Thu, Mar 21, 2019 - Page 13 News List

Women at work

In Taiwan as in the rest of the world, the ‘second shift’ of domestic duties continues to be a major obstacle to female economic empowerment

By Davina Tham  /  Staff reporter

Trend Micro CEO Eva Chen, pictured in a file photo, was recognized on the Forbes Asia 50 Power Business Women list in 2016.

Photo: Liao Chien-ying, Taipei Times

Global auditor PwC this month released its annual Women in Work Index assessing female economic empowerment across 33 members of the Organization for Economic Co-operation and Development (OECD).

The top two positions went to Nordic countries Iceland and Sweden, followed by New Zealand in third place.

Taiwan is not a member of the OECD and was left out of the index, but its market economy “backed by democratic institutions and focused on the wellbeing of all citizens” arguably fits the profile.

To find out how Taiwan’s 11.9 million women fare against their peers, the Taipei Times compares national data from this year’s report by the Executive Yuan’s Gender Equality Committee against the findings of the Women in Work Index.

SHARING THE SECOND SHIFT

When Taiwan elected its first female president in 2016, the result seemed to suggest that enlightened views on women at work prevailed. After all, the electorate had collectively hired a woman, President Tsai Ing-wen (蔡英文), for the job of leading the country.

But if Taiwan had been included in the Women in Work Index this year, its performance would have been middling at best.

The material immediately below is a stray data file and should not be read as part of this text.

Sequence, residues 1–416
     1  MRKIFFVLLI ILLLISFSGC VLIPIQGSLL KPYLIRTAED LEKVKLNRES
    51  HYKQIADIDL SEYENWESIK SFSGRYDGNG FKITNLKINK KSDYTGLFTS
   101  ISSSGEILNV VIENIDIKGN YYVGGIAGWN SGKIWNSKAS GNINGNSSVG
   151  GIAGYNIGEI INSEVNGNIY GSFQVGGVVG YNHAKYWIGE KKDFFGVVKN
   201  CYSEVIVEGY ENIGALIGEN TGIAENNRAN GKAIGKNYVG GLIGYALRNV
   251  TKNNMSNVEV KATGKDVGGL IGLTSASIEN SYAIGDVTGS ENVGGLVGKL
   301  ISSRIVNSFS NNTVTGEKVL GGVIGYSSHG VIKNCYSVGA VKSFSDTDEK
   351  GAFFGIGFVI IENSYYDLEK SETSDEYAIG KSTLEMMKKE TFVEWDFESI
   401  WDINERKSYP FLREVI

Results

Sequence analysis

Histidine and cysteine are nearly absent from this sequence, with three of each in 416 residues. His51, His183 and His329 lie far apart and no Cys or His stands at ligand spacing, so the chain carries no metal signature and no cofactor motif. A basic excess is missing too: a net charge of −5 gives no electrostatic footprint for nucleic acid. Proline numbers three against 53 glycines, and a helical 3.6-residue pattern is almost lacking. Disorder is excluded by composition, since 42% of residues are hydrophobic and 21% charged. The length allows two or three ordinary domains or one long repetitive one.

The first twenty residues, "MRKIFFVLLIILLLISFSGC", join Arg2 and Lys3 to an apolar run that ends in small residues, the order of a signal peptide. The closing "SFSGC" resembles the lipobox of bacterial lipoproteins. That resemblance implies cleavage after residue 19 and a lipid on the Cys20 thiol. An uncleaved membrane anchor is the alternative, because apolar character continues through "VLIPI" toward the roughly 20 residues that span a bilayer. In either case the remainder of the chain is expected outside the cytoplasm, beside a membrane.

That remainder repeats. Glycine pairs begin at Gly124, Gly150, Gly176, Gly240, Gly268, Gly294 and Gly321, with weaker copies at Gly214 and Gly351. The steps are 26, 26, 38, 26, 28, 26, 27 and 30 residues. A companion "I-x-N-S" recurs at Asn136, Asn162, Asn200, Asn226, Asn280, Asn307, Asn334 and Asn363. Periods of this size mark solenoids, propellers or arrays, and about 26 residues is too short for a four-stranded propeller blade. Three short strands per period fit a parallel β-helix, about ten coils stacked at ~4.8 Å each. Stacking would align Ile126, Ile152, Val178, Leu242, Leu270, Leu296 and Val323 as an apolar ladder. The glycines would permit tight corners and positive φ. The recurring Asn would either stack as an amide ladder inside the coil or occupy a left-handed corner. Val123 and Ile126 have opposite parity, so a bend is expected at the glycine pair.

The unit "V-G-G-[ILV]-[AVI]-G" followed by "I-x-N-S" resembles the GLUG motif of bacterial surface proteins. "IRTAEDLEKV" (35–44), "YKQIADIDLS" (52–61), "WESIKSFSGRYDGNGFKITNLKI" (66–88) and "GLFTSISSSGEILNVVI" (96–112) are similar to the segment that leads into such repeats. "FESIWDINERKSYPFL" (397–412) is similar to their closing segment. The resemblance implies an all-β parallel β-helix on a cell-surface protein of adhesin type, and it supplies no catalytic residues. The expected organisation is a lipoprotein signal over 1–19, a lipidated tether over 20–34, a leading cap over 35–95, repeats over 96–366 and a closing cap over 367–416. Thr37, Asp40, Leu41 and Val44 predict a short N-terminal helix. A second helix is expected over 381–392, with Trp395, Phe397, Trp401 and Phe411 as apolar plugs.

Taiwan fares slightly better than the OECD average on two fronts: the gap between female and male wages (14 percent) and the female unemployment rate (3.5 percent). It just scrapes into the top 10 for both.

However, it is bogged down by a relatively low rate of female labor force participation (50.9 percent) and a sizeable gap between female and male labor force participation (16.2 percent), placing near the bottom of the index on these indicators.

The index measures female economic empowerment based on a weighted average of the above four indicators, plus a fifth — share of female employees in full-time employment — for which national data is not available.

National Chengchi University Institute for Labor Research professor Liu Mei-chun (劉梅君) says that the “second shift” of domestic responsibilities placed on working women remains the most significant obstacle to female economic empowerment in Taiwan today.

According to the Gender Equality Committee, married or cohabiting women spend more than three times as much time on unpaid work, which includes housework, childcare and caring for other family members, averaging 3.81 hours per day compared to their partners’ 1.13 hours.

Some women do not even get to try balancing work and family. Sexist stereotypes that women are more well-suited to domesticity and that their work performance will suffer after they get married or have a child can result in employers taking matters into their own hands, by withholding professional opportunities, promotions and mentorship.

In extreme cases, some expectant mothers are forced out of a job against their will, and against proper workplace practices.

In 2013, a machinery factory in Tainan hired Kao Ching-wen (高靜雯) as an accountant, but fired her just one month into the job after she became pregnant. The employer made Kao sign a voluntary termination of service form, which allowed them to withhold her severance pay.

“I was even scolded for causing inconvenience to other people,” Kao says. Despite the unfair treatment, she acknowledges that she was already somewhat fortunate, as women in dire financial straits would have had more difficulty coping with the sudden loss of income.

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